To reduce lion predation incidence on community livestock

Human-lion conflict issues are widespread across Africa. With an increasing lack of prey availability and suitable habitat, lions have become a health and safety hazard to many rural communities through the killing of livestock and/or injuring or killing people. As a result, lions are viewed as dangerous pests and are destroyed through retaliatory killings or by Problem Animal Control departments. In Kenya alone, an estimated 100 lions are killed on average every year in retaliatory killings by locals.

As lions frequently roam into human settlement areas at night to prey on enclosed livestock, the design of bomas (animal enclosures) is a key aspect to preventing attacks. However, it has been proven that lions can penetrate a vast variety of boma wall types and are able to scale often inadequately built structures.

An innovative solution to this problem has come from a Kenyan directly impacted by conflict with lions.  In 2010, an 11 year-old Kenyan boy, Richard Turere from Kitengela, created his own method of protecting his family’s boma from lion attacks at night. Rather than strengthening the boma walls, Richard used a handful of torches, a second-hand car battery and a small solar panel to create a flashing light system around the boma perimeter. Knowing that lions are naturally wary of people, he designed the lights to flash in sequence, giving the impression that someone was patrolling the enclosure with a torch. In the two years since installing this system, Richard and his family have reported no further lion attacks.

In 2012, Kenyan-born Sandy Simpson created a modified version of the existing lighting system and began to install it within those communities most threatened by lion attacks. To date, Sandy has successfully installed 34 units around Kenya, with all communities so far reporting no further lion attacks. It is hoped the system can be used continent-wide to successfully reduce lion attacks on bomas and therefore improve community tolerance of predators.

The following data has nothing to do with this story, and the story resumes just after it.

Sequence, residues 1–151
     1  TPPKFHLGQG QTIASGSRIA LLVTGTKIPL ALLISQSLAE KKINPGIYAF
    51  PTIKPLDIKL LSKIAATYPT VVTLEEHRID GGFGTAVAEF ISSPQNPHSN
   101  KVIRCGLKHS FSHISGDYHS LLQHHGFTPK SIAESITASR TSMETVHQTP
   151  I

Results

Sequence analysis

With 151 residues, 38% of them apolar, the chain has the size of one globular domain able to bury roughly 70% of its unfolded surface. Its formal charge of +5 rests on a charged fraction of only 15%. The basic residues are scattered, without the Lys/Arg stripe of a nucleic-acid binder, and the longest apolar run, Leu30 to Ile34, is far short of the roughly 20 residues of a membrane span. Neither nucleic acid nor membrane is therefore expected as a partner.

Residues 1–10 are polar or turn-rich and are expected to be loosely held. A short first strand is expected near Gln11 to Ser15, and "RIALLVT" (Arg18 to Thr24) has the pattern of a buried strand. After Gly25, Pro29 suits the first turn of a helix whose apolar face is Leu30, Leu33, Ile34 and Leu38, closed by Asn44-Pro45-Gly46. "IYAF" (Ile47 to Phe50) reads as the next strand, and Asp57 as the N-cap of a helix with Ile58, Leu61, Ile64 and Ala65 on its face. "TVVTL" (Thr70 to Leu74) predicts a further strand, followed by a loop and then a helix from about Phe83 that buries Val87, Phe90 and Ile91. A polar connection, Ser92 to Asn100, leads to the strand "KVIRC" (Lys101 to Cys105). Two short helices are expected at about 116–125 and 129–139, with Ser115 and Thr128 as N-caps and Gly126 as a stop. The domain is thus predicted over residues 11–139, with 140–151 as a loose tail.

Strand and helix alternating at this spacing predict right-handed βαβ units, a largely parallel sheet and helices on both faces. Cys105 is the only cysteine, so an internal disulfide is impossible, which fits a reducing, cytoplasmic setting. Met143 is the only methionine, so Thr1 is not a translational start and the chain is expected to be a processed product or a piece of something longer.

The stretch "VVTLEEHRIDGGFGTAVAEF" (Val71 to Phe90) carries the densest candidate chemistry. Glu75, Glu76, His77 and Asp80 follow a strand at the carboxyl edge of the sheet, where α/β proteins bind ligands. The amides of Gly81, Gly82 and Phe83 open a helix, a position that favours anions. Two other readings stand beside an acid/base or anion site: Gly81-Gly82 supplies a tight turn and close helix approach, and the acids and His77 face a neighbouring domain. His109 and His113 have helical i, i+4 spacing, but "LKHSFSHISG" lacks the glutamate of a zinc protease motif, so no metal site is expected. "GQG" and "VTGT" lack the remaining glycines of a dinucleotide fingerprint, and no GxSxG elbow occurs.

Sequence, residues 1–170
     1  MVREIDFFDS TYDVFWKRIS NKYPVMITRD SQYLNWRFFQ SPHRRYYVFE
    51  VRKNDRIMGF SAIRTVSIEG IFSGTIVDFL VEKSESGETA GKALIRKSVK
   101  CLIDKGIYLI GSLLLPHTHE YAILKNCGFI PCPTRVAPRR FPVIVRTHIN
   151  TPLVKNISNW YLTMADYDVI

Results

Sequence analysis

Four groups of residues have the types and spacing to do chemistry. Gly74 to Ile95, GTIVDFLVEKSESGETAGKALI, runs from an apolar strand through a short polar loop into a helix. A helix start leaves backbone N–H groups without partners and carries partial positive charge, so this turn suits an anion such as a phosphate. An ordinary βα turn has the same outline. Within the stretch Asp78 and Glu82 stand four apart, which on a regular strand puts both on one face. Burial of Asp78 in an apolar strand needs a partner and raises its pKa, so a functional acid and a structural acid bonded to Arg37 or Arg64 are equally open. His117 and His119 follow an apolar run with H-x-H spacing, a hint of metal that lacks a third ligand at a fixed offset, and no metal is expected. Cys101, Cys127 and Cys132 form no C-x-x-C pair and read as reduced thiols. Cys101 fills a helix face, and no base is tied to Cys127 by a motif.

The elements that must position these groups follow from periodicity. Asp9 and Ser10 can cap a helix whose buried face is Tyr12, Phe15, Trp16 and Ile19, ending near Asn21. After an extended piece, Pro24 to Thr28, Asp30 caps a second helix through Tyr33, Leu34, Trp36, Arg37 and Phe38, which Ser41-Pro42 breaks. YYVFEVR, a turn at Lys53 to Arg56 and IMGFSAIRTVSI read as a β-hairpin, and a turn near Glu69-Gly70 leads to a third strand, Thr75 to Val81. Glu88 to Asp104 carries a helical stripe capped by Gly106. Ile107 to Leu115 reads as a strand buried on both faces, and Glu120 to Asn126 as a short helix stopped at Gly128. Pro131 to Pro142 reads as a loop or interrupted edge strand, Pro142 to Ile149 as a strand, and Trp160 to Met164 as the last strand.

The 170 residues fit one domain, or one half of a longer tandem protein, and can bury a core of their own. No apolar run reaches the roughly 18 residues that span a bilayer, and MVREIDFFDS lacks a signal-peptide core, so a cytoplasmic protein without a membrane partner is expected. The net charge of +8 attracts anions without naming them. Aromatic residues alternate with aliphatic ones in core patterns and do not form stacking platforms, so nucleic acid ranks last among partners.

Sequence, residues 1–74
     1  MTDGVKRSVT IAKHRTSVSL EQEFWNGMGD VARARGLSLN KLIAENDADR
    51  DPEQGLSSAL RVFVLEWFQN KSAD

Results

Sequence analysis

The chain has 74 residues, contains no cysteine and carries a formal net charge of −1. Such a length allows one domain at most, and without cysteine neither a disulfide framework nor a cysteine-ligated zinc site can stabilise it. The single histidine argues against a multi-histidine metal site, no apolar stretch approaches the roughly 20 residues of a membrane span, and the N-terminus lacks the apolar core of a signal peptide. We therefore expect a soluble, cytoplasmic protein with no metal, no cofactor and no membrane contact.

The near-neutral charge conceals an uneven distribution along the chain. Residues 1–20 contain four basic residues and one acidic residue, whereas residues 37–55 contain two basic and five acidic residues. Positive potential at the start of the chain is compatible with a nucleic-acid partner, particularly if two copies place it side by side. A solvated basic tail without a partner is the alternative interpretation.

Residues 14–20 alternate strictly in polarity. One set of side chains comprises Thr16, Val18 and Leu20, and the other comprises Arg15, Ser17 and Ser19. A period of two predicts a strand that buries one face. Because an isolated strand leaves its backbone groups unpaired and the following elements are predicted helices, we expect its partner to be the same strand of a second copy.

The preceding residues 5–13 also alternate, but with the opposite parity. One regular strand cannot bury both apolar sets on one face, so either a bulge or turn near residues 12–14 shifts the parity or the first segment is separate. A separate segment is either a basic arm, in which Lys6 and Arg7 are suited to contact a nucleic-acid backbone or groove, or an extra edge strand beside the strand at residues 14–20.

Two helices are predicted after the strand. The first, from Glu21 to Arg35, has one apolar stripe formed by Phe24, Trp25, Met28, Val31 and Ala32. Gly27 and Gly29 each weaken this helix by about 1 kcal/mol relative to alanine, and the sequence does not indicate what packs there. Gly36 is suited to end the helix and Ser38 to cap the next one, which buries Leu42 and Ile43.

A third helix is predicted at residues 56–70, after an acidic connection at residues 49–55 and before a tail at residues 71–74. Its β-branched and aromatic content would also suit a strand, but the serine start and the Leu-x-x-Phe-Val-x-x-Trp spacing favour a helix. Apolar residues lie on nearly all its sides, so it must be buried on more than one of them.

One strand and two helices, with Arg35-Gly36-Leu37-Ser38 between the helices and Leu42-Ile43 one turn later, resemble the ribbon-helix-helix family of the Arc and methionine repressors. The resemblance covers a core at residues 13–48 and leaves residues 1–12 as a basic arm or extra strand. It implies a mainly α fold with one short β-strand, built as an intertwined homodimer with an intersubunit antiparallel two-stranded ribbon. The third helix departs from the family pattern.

One hugely important aspect of these lighting systems is that of cost.  NGO's requesting funds for predator proof bomas, being used most commonly in East Africa, are asking for up to $2000 per boma per household.  We estimate that to install such bomas in medium and high conflict zones in Tanzania alone would cost around $2 billion.  For these bomas to be installed throughout the continent is clearly not financially viable.  This lighting system is a tiny fraction of the cost, and through further development and trials such as this we hope that this cost will be further reduced, including to being affordable for the community members themselves so as to reduce the reliance on donor funding to meet the conflict challenges facing the African people.

ALERT is installing lighting systems in the high conflict zone of the Hwange Communal Lands and at the Africa Centre for Holistic Management, in western Zimbabwe.  Although no further incidents of lion attacks have been reported in the communities already using the lighting systems, a lack of post monitoring research upon their effectiveness currently exists, especially as to whether the units will deter predators in different habitat types.  It is anticipated that the units installed in Zimbabwe will provide crucial data regarding how successful the lights are at deterring predators and also a clearer insight into why the system is proving to be so successful. 

The project aims to: 

  • Reduce lion predation incidence on community livestock;
  • Monitor and measure the effectiveness of lighting systems on deterring lion predation;
  • Determine behavioural impacts on predating lions;
  • Improve community perception and tolerance of lions, and;
  • Improve livestock husbandry practices.
1. Incident monitoring
With the assistance of community members and livestock herders, an incidence database is being created and maintained to monitor all lion-livestock issues in focus communities.  Community members and livestock herders are provided with thorough training to record relevant data to be input into the database during monthly visits. 
2. Behavioural study
Using motion sensor camera traps, footage is gathered of those lions approaching lit bomas. Their movements and behaviour whilst approaching and remaining in the vicinity of the bomas is being studied and analysed to determine the extent to which the flashing lights directly impact and deter predatory behaviour. 
3. Husbandry practices
With the assistance of community members and livestock herders, husbandry practices are being reviewed and improved to help prevent livestock predation.
4. Community perception
Relevant community members, leaders and livestock herders are encouraged to partake in a surveys to determine changes in community perception of lions resulting from the installation of the boma lighting systems. 

Click here for information about lions within Zimbabwe


2013:  Three trial Installations of the lighting systems on bomas impacted by lion predation were undertaken to begin to assess their impact within this habitat and with this lion population.  The systems have, so far, been 100% effective and we are seeking funding to extend the trial. 

Charity Commission No. 1120572

Donate with JustGiving

501 (c) 3 with EIN No. 45-3782687

Donate Now



Facilitated Research

Join us